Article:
Most ranchers are aware that greenbrier can be a problem in pastures and rangeland, and is hard to control. There are various ideas on how to control greenbrier. Some think that herbicides are the answer; some think that mowing works best; and still others prefer a combination of mowing and spraying. Little scientific, replicated research is available on which of these strategies works the best.
With this in mind, the Noble Research Institute conducted research trials on greenbrier control from 2007 to 2010. We tested herbicide treatments alone, a combination of herbicides and mowing, and mowing alone. The plots were in rangeland in southern Oklahoma that was heavily infested with greenbrier.
Seven treatments were tested in both mown and unmown environments. This included six herbicide treatments and an untreated check. Mown plots were cut to a height of about 4 inches in April. Both the unmown plots and the mown plots were sprayed to wetting when the regrowth in the mown plots reached the desired height of at least 12 inches. This was usually in early June. The plots were mown and sprayed for two consecutive years. Herbicide solutions used were 1.5 percent PastureGard®, 0.5 percent Remedy®, 0.75 percent Weedmaster®, 1.0 percent Surmount®, 0.25 percent Remedy® plus 0.50 percent Tordon®, 1 percent Tordon® and the untreated check. Nonionic surfactant was added at a rate of 0.25 percent (equivalent of 1 quart per 100 gallons).
At the end of two years, the plots were rated on two criteria. One was the estimated amount of visual greenbrier injury and the other was the number of live stems. Two herbicide treatments stood out above the others in their ability to cause visual injury to the greenbrier in both mown and unmown environments. These were 1.5 percent PastureGard® and 0.5 percent Remedy®. The least effective herbicide in our test was 1 percent Tordon®.
The live greenbrier stem counts provided some interesting and surprising information. In the plots that were not mown, 1.5 percent PastureGard®, 0.5 percent Remedy® and 0.75 percent Weedmaster® significantly reduced final live stem counts. In the mown plots, none of the herbicide treatments reduced greenbrier population any more than simply mowing the plots.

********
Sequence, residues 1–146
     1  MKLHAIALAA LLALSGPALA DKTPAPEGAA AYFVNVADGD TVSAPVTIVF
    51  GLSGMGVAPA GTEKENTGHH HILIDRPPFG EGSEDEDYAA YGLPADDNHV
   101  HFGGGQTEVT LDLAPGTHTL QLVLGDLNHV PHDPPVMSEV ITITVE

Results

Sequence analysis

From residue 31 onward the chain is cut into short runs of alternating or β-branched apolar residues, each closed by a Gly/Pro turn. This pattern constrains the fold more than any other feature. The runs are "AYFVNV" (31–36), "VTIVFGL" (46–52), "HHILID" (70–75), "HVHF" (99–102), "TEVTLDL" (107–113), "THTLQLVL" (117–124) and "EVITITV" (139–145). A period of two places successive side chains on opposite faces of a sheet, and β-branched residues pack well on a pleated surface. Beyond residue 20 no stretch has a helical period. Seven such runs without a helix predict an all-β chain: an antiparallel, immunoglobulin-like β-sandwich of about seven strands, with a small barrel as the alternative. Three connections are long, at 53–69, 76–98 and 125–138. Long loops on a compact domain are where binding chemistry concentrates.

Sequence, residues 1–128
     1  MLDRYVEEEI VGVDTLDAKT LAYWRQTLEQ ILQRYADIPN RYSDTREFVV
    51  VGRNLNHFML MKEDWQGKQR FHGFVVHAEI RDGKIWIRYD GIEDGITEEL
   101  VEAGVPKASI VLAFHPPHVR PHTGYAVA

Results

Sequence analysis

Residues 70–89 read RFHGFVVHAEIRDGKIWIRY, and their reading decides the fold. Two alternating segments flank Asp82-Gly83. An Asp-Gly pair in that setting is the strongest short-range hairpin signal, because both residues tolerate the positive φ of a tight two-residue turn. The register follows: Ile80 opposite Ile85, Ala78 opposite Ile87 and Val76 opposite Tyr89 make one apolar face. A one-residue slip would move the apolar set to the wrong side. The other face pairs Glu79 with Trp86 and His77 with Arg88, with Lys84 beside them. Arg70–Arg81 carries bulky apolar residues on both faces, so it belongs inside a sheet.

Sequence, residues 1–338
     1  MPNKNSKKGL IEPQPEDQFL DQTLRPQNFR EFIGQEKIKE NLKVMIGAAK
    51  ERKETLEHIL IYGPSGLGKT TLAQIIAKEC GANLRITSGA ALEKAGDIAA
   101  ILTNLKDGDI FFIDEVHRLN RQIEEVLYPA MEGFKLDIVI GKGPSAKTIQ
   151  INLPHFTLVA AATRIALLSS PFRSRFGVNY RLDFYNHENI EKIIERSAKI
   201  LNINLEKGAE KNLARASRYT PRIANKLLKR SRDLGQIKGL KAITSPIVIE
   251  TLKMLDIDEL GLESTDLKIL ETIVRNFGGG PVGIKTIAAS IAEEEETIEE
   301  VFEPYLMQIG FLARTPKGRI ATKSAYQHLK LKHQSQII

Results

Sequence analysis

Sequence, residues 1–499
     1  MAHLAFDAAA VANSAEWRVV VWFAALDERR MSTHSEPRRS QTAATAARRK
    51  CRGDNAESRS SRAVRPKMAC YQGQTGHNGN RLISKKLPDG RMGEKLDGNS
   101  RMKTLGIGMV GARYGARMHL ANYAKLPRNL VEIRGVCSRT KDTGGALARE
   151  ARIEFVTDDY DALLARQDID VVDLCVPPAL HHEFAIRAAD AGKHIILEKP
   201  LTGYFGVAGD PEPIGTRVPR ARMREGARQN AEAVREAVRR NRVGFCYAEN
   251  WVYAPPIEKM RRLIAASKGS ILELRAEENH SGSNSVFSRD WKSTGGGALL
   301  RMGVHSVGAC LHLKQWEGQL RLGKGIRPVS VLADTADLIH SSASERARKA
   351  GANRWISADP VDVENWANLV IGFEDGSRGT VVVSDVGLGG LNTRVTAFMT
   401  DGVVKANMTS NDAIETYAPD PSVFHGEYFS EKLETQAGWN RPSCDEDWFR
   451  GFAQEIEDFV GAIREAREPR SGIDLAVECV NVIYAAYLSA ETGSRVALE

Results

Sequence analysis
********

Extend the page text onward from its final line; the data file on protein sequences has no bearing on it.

It should be stated that even the best herbicide treatments only provided fair greenbrier control. After two consecutive years of spraying, the most effective herbicide treatment had a visual injury rating of 71 percent. The most effective herbicide treatments caused a final stem reduction of greenbrier of about 63 percent. While this may seem good for a very tough plant like greenbrier, it is quite expensive for this level of control. Mowing worked just as well as herbicides for reducing stands of greenbrier and was considerably cheaper. Using both mowing and herbicides was not better than either mowing alone or spraying alone.
The Noble Research Institute has the following recommendations for greenbrier control based on this study. There are other control measures for greenbrier, such as grazing by goats, but we did not test them and they are not part of these recommendations. However, they are a viable alternative to these recommendations in certain situations.
If mowing is possible, it is the preferred method of greenbrier control due to lower cost. Plants can be mown anytime during the dormant season up through April. Repeated mowing will work better if it is feasible.
If the area cannot be mown due to the presence of large rocks or if the terrain is too steep or rough to mow, apply a mixture of 1.5 percent PastureGard®, 0.5 percent Remedy® or 0.75 percent Weedmaster®, and spray to wetting, but not runoff. Apply in the late spring to early summer, after the spring flush, but before the leaves have developed a thick waxy cuticle. Add the recommended amount of a nonionic surfactant or other recommended adjuvant listed on the herbicide label to the mixture. Repeated treatments in consecutive years will improve control. There is no need to both mow and spray. Our mantra is, "If you mow, don't spray. If you spray, don't mow."
For more information, see Greenbrier: Identification and Management.